Kraft Heinz’s announcement of plans to buy out consumer goods titan Unilever in 2017 came as a shock to most of the business world, though leaks regarding Kraft Heinz’s intent had begun circulating since before talks between the companies began. The deal promised a paradigm shift in consumer goods and food products, with the Berkshire Hathaway-backed buyer valuing Unilever at an eye-watering $143 billion.
However, the deal folded only two days after it was announced. Kraft Heinz stressed that the decision was made amicably, pointing to the leak of its plans as a key factor in the decision. In the end, however, many legal and business commentators speculated that a culture clash may have been to blame; Unilever was widely known as a pioneer in standards with a focus on sustainability, whereas Kraft Heinz was known as a cost-cutter. If company compatibility was the primary issue, then the collapse of the purchase can be better attributed to a lack of due diligence on the part of deal-makers.
Comcast and Disney
It is easy to overstep when attempting a hostile merger, especially when conditions are interpreted to be more favourable than they are in reality. This was the case with Comcast and its unsolicited attempt to buy out Walt Disney Co. in 2004 in a move to create one of the largest media and entertainment companies in the world. The American telecom giant made an offer that valued Disney at $54 billion, which was quickly rejected by then-chief executive Michael Eisner – who was ousted by Disney shareholders shortly afterwards.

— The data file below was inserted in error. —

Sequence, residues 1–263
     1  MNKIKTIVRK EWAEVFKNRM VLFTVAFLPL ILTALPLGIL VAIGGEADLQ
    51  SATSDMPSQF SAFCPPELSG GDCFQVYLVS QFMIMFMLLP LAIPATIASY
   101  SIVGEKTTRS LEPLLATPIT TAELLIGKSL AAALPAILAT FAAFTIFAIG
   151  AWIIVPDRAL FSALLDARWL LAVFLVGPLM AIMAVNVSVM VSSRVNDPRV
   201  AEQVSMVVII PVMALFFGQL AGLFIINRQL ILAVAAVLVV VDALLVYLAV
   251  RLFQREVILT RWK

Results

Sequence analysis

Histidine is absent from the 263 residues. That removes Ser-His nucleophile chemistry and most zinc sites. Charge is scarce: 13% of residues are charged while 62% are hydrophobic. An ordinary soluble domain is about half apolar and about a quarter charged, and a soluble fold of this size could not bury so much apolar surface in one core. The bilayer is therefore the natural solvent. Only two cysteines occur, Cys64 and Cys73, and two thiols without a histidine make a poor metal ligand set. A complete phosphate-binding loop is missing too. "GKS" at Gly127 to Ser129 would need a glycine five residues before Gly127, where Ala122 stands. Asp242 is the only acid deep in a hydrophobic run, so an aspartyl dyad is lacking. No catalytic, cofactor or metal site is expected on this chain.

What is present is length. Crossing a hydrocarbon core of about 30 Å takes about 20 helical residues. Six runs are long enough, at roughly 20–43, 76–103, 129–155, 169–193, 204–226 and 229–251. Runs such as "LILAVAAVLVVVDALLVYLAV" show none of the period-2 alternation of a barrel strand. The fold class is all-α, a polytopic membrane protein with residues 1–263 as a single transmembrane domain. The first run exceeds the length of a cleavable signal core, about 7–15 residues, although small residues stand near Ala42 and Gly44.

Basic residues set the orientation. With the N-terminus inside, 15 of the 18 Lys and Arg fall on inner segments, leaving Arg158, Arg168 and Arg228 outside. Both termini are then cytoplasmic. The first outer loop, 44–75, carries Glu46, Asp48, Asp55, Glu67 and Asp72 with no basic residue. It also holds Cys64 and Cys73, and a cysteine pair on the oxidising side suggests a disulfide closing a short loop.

Seeing the move as an indication of the shareholders’ willingness to agree to a merger, Comcast confidently pressed ahead with its takeover attempt. However, the shareholders proved just as reluctant as Eisner, and Comcast was forced to abandon its bid. The two companies have since clashed on a range of other M&A deals, with Comcast launching a counterbid to Disney’s plan to purchase Fox’s entertainment assets in 2017 and a looming showdown on the companies’ joint ownership of Hulu still developing.
WorldCom and Sprint
Another attempt at a seismic deal in the telecommunications industry, in 1999 MCI WorldCom made a shock announcement of plans to buy Sprint Corp – then its closest competitor – for $129 billion, outbidding BellSouth. If successful, the acquisition would have created an international telecom superpower with control over 35% of the market’s long-distance telecom infrastructure, threatening the dominance of AT&T and its 42%.WorldCom was successful in its bid, with Sprint’s board acceding to the merger.
What put the brakes on the deal was international anti-competition law. The European Commission stepped in to declare that the newly created company would squash competition, leaving the two firms with no path forwards. The deal was abandoned and WorldCom went on to suffer an accounting fraud scandal that bankrupted the company. Ultimately, Sprint was bought out by T-Mobile and WorldCom itself by Verizon in 2006, laying the foundations for the new status quo in international telecom.